Using a darlington and an LED as charge bypass

Discussion in 'The Projects Forum' started by rockymt_stromster, Feb 15, 2010.

  1. rockymt_stromster

    Thread Starter New Member

    Feb 15, 2010
    2
    0
    I have seen a simple device set up as a charge bypass for 3.3V LiFePo battery cells, vs. a regular BMS. Basically it looks like two small leads from the battery terminals (+) goes to right leg of a darlington TIP105 and the other terminal to the heatsink-tab, the center and left legs has an LED between it. It was described as a simple (crude?) way of bypassing the charge current once the cell hit 3.8 volts. These batteries are usually charged with a bulk charger, in my case a 72V battery bank with an appropriate sized on-board charger (I don't believe in "proprietary charging infrastructure" as a general rule for electric transportation).

    This is going into an electric (commuter) motorcycle that presently has 6 AGM 55Ah batteries with 6 separate chargers. The many cells I need to equal the old pack would require a BMS, but a BMS is beyond me, so I saw this as a simple way to solve my charging issue if I go with LiFePo. I would really like to know the theory on this. It has been a long time since I got into design and my inherent curiousity (and recent years in Renewable Energy) has gotten me re-invigorated. Ideas as to how this Darlington-LED is bypassing the current? Any idea of how much will be wasted energy?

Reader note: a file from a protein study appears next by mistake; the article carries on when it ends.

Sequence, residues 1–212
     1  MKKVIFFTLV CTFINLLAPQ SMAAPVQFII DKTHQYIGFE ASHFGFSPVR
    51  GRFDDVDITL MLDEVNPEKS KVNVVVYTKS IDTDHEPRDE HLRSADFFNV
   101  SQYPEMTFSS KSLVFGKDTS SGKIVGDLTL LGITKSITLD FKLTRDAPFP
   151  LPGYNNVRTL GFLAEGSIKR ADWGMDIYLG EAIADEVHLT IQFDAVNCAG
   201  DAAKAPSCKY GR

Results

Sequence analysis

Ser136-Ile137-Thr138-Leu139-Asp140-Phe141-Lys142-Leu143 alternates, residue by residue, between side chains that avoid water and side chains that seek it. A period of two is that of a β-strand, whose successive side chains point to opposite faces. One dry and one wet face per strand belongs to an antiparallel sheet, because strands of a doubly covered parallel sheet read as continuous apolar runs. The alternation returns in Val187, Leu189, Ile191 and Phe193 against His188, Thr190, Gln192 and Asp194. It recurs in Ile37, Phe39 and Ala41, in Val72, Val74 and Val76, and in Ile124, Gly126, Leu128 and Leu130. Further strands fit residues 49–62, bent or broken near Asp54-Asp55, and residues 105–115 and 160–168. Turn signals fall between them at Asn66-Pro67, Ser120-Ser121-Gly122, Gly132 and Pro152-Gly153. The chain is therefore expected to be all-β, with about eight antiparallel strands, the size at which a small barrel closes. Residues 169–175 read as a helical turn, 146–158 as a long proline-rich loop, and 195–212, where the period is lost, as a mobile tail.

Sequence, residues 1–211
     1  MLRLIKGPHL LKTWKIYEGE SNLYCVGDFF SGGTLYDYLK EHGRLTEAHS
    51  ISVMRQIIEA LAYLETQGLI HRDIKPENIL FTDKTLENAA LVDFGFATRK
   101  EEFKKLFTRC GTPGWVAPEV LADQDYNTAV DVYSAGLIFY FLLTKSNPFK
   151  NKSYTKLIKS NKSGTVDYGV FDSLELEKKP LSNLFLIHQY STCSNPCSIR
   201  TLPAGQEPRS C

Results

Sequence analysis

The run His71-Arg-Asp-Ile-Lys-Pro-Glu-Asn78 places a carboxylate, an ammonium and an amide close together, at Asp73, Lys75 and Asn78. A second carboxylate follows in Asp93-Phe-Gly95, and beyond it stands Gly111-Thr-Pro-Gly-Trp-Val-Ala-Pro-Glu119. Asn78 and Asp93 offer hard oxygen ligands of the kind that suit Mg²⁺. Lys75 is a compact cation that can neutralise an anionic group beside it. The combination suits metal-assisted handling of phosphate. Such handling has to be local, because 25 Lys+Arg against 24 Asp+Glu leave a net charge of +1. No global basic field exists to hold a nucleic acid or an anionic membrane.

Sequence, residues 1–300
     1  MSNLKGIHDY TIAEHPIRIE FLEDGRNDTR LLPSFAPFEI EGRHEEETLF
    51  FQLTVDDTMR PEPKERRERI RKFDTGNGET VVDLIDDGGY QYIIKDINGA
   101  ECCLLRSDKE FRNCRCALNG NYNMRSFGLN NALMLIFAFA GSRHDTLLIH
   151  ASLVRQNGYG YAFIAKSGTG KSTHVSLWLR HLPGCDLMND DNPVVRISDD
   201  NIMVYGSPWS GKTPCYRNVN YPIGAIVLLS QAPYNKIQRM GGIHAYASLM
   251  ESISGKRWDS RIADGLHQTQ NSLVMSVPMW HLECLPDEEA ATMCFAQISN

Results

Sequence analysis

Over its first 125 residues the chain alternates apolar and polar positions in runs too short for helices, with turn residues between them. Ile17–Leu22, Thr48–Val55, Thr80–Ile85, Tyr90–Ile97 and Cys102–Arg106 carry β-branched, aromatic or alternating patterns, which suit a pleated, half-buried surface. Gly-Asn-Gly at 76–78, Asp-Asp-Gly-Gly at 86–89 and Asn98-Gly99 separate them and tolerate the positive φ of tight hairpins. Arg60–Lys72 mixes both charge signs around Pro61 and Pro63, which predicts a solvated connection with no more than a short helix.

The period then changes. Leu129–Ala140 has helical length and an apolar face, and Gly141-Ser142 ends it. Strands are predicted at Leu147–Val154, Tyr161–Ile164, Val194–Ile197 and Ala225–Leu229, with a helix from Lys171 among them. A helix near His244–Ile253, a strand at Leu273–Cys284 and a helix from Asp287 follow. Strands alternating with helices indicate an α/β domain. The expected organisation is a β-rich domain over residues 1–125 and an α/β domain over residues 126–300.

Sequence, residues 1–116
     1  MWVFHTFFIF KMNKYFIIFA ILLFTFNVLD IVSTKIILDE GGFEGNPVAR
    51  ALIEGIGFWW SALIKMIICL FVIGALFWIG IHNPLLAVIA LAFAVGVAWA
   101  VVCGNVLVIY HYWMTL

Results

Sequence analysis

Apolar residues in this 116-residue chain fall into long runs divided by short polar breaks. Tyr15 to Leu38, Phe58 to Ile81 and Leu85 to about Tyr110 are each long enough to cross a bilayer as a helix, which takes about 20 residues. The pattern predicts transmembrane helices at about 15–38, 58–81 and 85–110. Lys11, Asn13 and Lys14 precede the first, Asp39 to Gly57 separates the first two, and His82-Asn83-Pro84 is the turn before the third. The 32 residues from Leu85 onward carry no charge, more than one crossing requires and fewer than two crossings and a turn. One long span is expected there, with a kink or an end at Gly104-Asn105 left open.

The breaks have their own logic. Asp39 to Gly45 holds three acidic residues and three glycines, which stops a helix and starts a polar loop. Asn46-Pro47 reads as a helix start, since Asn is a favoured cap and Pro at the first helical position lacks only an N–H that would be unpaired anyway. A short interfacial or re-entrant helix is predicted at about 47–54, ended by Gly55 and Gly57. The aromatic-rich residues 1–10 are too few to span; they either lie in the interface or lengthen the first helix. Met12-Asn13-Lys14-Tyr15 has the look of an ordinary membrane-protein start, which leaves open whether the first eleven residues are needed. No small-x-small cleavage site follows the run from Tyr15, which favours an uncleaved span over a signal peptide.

Last edited: Feb 15, 2010
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